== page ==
“Additionally, this transformative renovation added two Early Childhood classrooms, enabling us to serve a community need for quality education at an early age and increase our enrollment for a more diverse student body.”

The second phase involves the newly acquired 7,000-square-foot property (one building that previously housed the Art Shed studio space and Design Studio West) and 10,000-square-foot parking lot, next to the school at 7420-7426 Girard Ave., which the school purchased in spring 2018.

A construction start date has not been announced, but Fleming said she hopes to have that space available for students by 2020.

Collectively, this space will be known as “The Sandbox,” and while the interior will be “transformed,” the exterior will only be “cosmetically enhanced,” Fleming said.

La Jolla Country Day School, 9490 Genesee Ave.

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In addition to changes to its lower school facilities and installation of solar panels, La Jolla Country Day will see changes in programming due to two new partnerships.

School spokesperson Jennifer Fogarty said the Lower School has been renovated to add 3,000 square feet of hardwood to the exteriors, and new flexible furniture on the interior.

Further, “to continue our long-standing commitment to sustainability, we began expanding our solar panels from 80kW to 499kW to make the system capable of supplying 80 percent of our electrical needs and significantly reducing our carbon footprint.”

The school is also developing a “mental wellness” curriculum in partnership with Rady Children’s Hospital and will continue its partnership with the San Diego Diplomacy Council.

“In September, La Jolla Country Day School will accept the ‘Partner Agency of the Year’ award from the San Diego Diplomacy Council at the regional summit, which will convene 250 international affairs experts, business and civic leaders, diplomats, U.S. Department of State representatives and exchange alumni to discuss innovation, citizen diplomacy and collaboration in our bi-national region,” Fogarty said.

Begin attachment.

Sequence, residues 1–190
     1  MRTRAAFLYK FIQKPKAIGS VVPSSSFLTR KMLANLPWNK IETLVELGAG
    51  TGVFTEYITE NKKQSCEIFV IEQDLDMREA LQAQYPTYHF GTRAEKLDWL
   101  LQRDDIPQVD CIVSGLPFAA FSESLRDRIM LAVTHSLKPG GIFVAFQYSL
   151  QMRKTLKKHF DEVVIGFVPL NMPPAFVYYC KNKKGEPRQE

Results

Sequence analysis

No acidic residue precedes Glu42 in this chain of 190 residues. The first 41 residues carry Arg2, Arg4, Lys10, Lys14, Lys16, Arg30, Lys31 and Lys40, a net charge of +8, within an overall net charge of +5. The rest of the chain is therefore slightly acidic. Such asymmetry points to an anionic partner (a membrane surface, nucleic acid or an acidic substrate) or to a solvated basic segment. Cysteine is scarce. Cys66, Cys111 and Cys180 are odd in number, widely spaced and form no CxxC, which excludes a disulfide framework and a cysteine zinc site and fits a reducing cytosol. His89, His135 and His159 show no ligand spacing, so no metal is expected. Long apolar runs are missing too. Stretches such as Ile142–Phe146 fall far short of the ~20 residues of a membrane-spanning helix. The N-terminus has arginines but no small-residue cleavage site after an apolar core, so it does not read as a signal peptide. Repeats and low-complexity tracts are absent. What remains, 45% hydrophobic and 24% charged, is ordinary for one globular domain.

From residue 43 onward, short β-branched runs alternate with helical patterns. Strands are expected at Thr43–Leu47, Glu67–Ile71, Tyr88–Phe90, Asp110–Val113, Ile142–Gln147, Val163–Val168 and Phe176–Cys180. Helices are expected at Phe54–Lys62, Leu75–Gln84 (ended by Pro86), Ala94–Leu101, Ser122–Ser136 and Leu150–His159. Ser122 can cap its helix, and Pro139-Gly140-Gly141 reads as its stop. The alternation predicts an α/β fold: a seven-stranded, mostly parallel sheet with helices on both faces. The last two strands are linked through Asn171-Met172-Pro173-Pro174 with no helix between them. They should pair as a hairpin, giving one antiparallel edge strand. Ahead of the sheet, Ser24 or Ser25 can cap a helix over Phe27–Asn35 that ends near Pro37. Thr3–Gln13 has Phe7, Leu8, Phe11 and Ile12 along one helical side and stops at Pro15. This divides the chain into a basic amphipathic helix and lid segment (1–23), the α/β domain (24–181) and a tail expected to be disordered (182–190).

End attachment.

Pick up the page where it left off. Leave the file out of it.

All Hallows Academy, 2390 Nautilus St.

A new playground structure at All Hallows Academy has been installed to encourage and support physical and mental development. Principal Mary Skeen told the Light via e-mail: “We were looking to create an environment where children could be challenged, creative, and playful in a safe environment. This one includes a Lava Leap, where students leap from one pod to another without touching the ground to help improve balance, coordination, agility and strength. The Mighty Max, rope wall climber, and using the Wall Clinger, students can traverse between two parallel walls.

“We also have a music section with drums, Titian Chimes, and three xylophones in different keys. It also includes interactive tactile memory game stations, climbing ropes, tunnel slides, and so much more!

“The Adventure Glider will help students learn to work together while developing their upper and lower bodies and their core and balance to keep the glider moving.”

The Evans School, 6510 La Jolla Scenic Drive South

Similar to the Transitional Kindergarten program offered at traditional public schools, the Evans School will launch its “Junior Kindergarten” program to “best prepare students for the Evans academic program,” said Director of Enrollment Sarah Brumfield.

“Evans has also expanded its technology curriculum to ensure each grade has a strong foundation in STEM (science, technology, engineering and mathematics) and digital citizenship. And as always, Evans is placing priority on developing students’ exemplary character and leadership skills.”

The Children’s School, 2225 Torrey Pines Lane

“We have a lot of changes going on here at The Children’s School,” said spokesperson Emily Williams. “All buildings on campus are almost done being painted, we are putting the final touches on our new Makerspace, and we have four new faculty members — a new first-grade teacher and three new middle-school teachers.”

The Makerspace is intended to provide students with an expansive collection of tools, machines and materials for designing, constructing and tinkering as they work on projects. The space includes a laser cutter and engraver, 3D printers, sewing machines, tools for soldering, robotics equipment, various saws, a drill press and more.